Since the titular character in “Renoir” is Pierre-Auguste, one of the world’s great Impressionist artists, it seems a propos to say that sitting through this film is akin to watching paint dry. Gorgeously shot but dull and soulless on almost every level, director Gilles Bourdos’ work has none of the sensuality and style of Renoir’s paintings. And I say this as someone who fondly remembers a childhood home that featured a huge print of Renoir’s beautiful ‘Madame Charpentier and Her Children’ in the living room. Mental images of that painting are what kept me awake through this stupefyingly dull film.
Set in 1915, when an aging Renoir (Michel Bouquet) is looking for a muse, the picture tells how young artist manqué Andrée (Christa Théret) comes into his life, and becomes his life model. Although he’s in declining health, it’s obvious that the free-spirited woman has rejuvenated Renoir, as he paints away with renewed vigor.
Then who should come home from the war but Jean (Vincent Rottiers), Renoir’s son (and the future world class filmmaker of “Grand Illusion” and “The Rules of the Game”), who is recuperating from a wound. Jean soon finds himself drawn to Andrée, and they quickly become lovers. But even though this really happened – the pair married, and Andrée acted in several of Renoir’s silent films – it still comes off as some sort of art world cliché. You know, hot-blooded young man sees nude model, falls for her. This air of unreality may be a fault of the soporific direction, the absence of charisma in the two young actors, their lack of chemistry, or a combination of all three. Either way, I started groaning audibly at this point in the film.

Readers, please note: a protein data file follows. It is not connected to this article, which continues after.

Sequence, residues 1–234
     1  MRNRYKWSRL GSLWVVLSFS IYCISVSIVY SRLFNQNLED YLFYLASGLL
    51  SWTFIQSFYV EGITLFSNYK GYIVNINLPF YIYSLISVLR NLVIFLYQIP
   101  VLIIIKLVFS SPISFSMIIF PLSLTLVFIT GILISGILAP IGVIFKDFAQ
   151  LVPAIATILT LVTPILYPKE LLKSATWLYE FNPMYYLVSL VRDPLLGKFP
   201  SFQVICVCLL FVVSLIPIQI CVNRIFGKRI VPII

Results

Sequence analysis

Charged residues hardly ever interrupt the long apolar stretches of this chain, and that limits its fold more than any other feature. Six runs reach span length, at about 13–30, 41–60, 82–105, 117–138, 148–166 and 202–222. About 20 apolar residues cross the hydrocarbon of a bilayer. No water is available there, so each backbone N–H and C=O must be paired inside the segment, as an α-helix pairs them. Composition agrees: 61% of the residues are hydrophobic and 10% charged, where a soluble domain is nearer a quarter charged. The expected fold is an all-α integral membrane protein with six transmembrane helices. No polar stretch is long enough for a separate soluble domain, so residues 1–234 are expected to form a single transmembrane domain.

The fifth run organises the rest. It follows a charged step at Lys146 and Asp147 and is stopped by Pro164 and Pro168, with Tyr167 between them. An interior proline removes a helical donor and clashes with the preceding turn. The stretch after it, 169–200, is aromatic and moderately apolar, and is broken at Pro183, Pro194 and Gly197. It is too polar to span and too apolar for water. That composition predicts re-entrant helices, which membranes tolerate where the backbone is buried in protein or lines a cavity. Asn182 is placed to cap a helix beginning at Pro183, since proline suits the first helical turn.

But that’s not the only problem “Renoir” has. I gather the artist had a nice big beard late in life, but the one given Michel Bouquet in this film is so large, it obscures most of his face, which means you can’t see his lips move. This is, to say the least, disconcerting, and tends to rob the character of any emotion, no matter what he’s saying. Then again, he’s often saying things that sound borderline ridiculous, like “Flesh! That’s all that matters,” or his comment about “the velvety texture of a young girl’s skin.” Honestly? Was the real Renoir a dirty old man?
“Renoir” the movie has one thing going for it: the gorgeous, shimmering photography of Taiwanese cinematographer Mark Ping Bing Lee, which makes the French Riviera look like paradise. But that’s not enough to save this exercise in somnolent filmmaking. Renoir is a disservice to a great painter.